Many (including Legal Planet’s own Rick Frank) have examined the pros and cons of California’s new locally-focused groundwater management law. Such analyses will continue to be critically important as state and local players move forward with the nitty-gritty of actual implementation, and the legislation’s practical, on-the-ground (and under-the-ground) implications become clearer.
In this post, however, my goal is to simply lay out the relationships between the many dates and deadlines embedded in the law. Together, Senate Bill 1168, Assembly Bill 1739, and Senate Bill 1319 impose mandates for sustainable groundwater management on local agencies in high- and medium-priority groundwater basins. While the legislation puts most of the burden—and the power—in the hands of locals, it also establishes roles for two state agencies: the Department of Water Resources (DWR) and the State Water Resources Control Board (SWRCB).
The timeline above shows three categories of dates and deadlines displayed in separate, stacked bands: (1) the upper band shows the major deadlines by which DWR must act; (2) the middle band shows the major deadlines that apply to local agencies; and (3) the lower band shows the dates after which SWRCB could potentially intervene to address local management deficiencies.
The timeline is interactive: You can zoom in or out or return to the first slide using the icons on the left, you can scroll along the timeline and click on individual events to learn more, or you can step through the events in order using the arrows on either side (or the arrow keys on your keyboard).
A brief summary of each of the three categories of dates and deadlines follows.
1. Major Deadlines for Action by the Department of Water Resources (DWR)
The new groundwater law relies on DWR to jumpstart local groundwater management efforts by laying ground rules and providing information. First DWR will set the stage by identifying which groundwater basins have to be managed. By January 31, 2015, it will establish the initial priority—high, medium, low, or very low—for each groundwater basin in the state. Only high- and medium-priority basins will be subject to sustainable groundwater management mandates. If DWR later elevates a low- or very-low-priority basin to “medium” or “high” priority, that basin will have to establish a groundwater sustainability agency within two years and adopt a groundwater sustainability plan within five. (Water Code § 10722.4). Although DWR already prioritizes groundwater basins, the legislation adds a new consideration (“adverse impacts on local habitat and local streamflow”) for DWR to take into account. (Water Code § 10933(b)(8)).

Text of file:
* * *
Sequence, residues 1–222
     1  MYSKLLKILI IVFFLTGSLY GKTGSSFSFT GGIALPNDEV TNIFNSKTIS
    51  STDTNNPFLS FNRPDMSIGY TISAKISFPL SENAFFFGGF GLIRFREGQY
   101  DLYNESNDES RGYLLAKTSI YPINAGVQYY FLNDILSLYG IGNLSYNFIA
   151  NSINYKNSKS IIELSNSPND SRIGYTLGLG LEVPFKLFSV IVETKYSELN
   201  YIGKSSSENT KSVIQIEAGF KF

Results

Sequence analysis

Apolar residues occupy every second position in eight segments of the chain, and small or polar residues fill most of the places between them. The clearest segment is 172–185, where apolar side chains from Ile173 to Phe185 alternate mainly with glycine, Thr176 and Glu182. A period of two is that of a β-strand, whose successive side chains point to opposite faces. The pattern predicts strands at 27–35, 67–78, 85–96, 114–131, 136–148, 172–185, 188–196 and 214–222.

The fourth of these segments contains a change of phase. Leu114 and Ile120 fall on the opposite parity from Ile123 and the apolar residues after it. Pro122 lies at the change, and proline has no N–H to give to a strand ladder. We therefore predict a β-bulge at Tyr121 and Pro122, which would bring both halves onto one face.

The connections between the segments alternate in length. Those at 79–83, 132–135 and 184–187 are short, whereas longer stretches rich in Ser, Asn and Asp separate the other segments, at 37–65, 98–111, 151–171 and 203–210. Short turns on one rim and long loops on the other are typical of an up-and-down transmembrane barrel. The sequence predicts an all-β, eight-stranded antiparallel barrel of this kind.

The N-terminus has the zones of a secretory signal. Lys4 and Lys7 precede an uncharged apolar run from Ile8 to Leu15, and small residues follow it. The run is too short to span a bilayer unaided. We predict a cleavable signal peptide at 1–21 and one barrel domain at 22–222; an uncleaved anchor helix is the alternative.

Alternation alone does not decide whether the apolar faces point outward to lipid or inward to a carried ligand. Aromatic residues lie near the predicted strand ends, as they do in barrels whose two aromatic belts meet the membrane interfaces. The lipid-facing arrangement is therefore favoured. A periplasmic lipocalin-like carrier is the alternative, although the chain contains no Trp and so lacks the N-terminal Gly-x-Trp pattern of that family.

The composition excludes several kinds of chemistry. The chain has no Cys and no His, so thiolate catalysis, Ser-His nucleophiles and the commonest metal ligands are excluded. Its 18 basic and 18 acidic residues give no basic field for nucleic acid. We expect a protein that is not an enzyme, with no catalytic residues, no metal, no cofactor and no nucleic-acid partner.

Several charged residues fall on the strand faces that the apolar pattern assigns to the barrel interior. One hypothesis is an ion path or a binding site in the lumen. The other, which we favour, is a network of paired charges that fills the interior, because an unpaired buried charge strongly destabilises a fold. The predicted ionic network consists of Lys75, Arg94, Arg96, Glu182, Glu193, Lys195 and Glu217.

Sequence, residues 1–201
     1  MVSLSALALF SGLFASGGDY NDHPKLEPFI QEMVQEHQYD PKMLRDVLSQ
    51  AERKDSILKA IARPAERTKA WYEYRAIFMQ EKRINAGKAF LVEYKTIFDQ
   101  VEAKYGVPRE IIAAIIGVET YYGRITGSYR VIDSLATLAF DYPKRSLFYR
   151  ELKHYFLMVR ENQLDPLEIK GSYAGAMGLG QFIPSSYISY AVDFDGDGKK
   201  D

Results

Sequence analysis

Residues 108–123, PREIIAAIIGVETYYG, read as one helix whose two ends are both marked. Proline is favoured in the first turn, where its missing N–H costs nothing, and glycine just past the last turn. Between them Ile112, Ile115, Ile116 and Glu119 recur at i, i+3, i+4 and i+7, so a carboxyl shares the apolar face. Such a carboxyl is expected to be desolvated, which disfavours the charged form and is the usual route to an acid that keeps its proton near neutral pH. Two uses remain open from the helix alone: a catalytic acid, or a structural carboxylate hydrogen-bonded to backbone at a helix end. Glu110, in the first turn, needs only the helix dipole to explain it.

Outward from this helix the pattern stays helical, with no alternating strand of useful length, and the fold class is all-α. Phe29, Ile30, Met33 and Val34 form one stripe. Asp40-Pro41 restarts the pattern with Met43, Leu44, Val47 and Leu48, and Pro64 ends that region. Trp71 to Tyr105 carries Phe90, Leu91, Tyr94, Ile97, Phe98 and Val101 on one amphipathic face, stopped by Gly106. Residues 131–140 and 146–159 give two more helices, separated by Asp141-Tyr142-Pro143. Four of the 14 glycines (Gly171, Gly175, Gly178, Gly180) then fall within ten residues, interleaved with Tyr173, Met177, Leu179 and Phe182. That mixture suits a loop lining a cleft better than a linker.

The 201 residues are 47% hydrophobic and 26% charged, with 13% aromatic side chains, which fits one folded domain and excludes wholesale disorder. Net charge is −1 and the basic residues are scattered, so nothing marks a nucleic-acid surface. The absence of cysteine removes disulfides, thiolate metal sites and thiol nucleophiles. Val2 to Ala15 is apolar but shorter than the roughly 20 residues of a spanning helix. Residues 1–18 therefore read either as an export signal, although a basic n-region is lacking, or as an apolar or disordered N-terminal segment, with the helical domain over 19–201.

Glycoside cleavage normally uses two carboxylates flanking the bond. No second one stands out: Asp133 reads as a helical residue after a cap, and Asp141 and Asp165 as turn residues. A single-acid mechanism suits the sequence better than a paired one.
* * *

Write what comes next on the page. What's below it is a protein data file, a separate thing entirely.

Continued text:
Next, DWR must develop two sets of emergency regulations to govern how DWR and local groundwater agencies interact. Since the legislation allows local agencies to request basin-boundary revisions, it tasks DWR with adopting regulations that detail the substance and process of boundary review by January 1, 2016. (Water Code § 10722.2). Additionally, by June 1, 2016, DWR must adopt regulations for evaluating groundwater sustainability plans, their implementation, and coordination agreements between local agencies for groundwater sustainability planning. (Water Code § 10733.2).
By December 31, 2016, DWR must publish its best estimate of how much water is available for groundwater replenishment “in the state.” By the following day, January 1, 2017, DWR has to publish best management practices for sustainable groundwater management.
These deadlines are all front-loaded, with DWR’s actions occurring before deadlines for local agency action come due, but the legislation imposes other deadlines on DWR that are keyed to specific local agency actions instead of to absolute dates. For example, DWR must evaluate and issue an assessment of each groundwater sustainability plan within 2 years of the date a local agency submits it, then review plans and plan alternatives (see below) at least every five years. (Water Code §§ 10733.4(d), 10733.8).
2. Major Deadlines that Apply to Local Agencies
The deadlines for local agencies’ actions begin on the same date DWR’s date-linked deadlines end.
First, if a local agency intends to use an alternative to a groundwater sustainability plan, it must submit that alternative to DWR by January 1, 2017, as well as every five years thereafter. (Water Code § 10733.6)